Arroz con pollo brings a taste of latin flavored hearth and home to dinner time


Once Labor Day passes you may not be able to wear white anymore, but the temperature has likely cooled down in your neck of the woods. That means one thing: the return of hearty one-pot meals.

If you were lucky enough to grow up in a Latino household or had a few Latino friends, no doubt you’ve enjoyed a big pot of hearth and home known as “Arroz Con Pollo.” It may sound daunting but the literal translation is simply “chicken and rice.” It’s easy, colorful and one of the most satisfying one-pot meals you can toss together in less than an hour. Here’s how you make it;

Arroz Con Pollo


4 chicken legs, skin removed

4 chicken thighs, skin removed

1 small red onion, minced

1 green bell pepper, seeded and minced

1 red bell pepper, seeded and minced

2 cloves garlic, minced

1 tablespoon chili powder

1/2 tablespoon salt

1/2 tablespoon pepper

1/2 tablespoon dried oregano

1 tablespoon canola oil

3 cups white rice

4 cups low sodium chicken broth

6 oz. tomato sauce

1 tablespoon mexican hot sauce

Chopped cilantro for garnish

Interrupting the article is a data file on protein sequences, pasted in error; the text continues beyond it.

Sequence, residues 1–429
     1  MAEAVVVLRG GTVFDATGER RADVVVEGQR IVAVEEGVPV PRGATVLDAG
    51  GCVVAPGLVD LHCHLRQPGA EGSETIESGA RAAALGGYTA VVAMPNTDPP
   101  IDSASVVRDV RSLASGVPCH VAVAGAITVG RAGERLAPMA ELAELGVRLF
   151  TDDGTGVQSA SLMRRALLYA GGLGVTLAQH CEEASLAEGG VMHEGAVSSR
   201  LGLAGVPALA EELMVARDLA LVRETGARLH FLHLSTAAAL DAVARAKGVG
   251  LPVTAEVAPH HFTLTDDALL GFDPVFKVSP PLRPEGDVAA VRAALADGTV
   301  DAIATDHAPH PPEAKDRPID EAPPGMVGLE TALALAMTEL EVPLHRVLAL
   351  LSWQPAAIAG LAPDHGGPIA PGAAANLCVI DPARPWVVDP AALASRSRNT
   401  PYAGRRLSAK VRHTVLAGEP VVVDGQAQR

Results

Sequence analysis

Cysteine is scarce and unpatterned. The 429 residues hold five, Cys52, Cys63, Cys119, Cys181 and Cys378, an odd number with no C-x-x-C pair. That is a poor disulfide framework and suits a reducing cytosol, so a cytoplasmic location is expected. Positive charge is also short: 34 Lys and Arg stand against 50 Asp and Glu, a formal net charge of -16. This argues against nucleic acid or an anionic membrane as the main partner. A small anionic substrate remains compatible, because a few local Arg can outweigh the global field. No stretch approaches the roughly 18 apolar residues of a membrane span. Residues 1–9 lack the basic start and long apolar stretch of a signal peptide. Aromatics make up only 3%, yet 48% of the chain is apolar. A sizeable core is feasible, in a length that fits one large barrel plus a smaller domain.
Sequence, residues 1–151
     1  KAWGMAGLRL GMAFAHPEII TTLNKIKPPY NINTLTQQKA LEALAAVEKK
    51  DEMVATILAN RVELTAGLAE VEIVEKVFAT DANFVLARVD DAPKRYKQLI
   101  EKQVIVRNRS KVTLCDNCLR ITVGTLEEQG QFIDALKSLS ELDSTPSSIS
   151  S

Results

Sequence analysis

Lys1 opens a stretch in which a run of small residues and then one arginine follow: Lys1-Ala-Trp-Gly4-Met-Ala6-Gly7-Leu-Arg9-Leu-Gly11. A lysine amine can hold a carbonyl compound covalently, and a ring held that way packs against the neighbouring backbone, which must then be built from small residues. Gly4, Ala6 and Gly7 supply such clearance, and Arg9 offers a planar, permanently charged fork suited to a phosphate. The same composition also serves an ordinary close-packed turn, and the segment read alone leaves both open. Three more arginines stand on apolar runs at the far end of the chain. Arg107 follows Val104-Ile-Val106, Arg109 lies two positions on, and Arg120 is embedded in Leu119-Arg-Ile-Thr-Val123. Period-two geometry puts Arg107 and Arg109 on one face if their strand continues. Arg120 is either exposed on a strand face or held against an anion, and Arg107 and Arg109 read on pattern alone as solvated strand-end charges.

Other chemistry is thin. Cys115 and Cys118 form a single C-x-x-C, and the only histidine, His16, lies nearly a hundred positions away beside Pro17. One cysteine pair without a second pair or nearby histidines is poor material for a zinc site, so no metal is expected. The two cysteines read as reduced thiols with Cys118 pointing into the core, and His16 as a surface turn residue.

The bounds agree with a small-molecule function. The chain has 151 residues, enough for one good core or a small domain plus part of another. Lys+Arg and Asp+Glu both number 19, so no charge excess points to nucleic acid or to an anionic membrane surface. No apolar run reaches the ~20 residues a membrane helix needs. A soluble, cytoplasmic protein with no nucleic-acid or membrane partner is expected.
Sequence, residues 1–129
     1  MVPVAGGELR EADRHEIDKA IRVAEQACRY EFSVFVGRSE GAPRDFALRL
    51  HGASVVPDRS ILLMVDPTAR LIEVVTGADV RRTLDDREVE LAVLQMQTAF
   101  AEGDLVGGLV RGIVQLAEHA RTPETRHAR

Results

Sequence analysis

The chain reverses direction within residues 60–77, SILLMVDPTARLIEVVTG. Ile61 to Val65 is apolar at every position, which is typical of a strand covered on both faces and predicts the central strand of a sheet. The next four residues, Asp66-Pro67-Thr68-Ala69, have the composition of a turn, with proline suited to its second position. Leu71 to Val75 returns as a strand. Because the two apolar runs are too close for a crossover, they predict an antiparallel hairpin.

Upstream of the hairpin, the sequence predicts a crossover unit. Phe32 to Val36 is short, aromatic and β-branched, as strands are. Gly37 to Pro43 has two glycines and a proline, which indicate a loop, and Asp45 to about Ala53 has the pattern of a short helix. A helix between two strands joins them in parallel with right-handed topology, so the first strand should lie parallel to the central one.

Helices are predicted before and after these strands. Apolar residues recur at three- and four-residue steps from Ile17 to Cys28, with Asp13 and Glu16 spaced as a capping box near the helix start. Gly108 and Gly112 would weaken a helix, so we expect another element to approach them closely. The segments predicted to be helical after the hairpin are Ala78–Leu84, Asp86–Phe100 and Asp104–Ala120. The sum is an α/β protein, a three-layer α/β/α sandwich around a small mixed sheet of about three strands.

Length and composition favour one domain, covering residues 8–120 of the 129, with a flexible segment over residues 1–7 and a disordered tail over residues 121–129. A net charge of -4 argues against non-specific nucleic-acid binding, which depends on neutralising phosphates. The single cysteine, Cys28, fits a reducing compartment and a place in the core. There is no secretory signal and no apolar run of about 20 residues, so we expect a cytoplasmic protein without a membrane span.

1. Combine salt, pepper, oregano and chili powder in a small bowl. Season chicken parts. Toss until chicken is coated in spices.
  2. Heat large skillet to high and add canola oil. Brown chicken on both sides and remove to clean bowl. Add chopped onions, peppers and garlic to pan and sauté until brown, about 5-8 minutes.
  3. Add rice and sauté until lightly golden, about five minutes. Add tomato sauce, hot sauce and chicken broth. Bring to a simmer.
  4. Once a simmer is achieved, arrange reserved chicken in a single layer in the pot. Pour in any juices left from chicken. Cover and reduce heat to low.
  5. Cook for 30-45 minutes or until rice is cooked and juices on chicken run clear. Serve family style with more hot sauce and chopped cilantro.

Jaime Carrillo dreams of pizza the way Jiro dreams of sushi. Despite his pretensions about food, his pantry stocked with home made jams and pickles and mad scientist ingredients like xantham gum, he’s not above a weekly dose of drive-thru chili dogs. He’s always thinking of different kinds of food to sous vide, or trying his hands at home charcuterie. Also, he’s very excitable and quick to anger when it comes to food and foodie culture.

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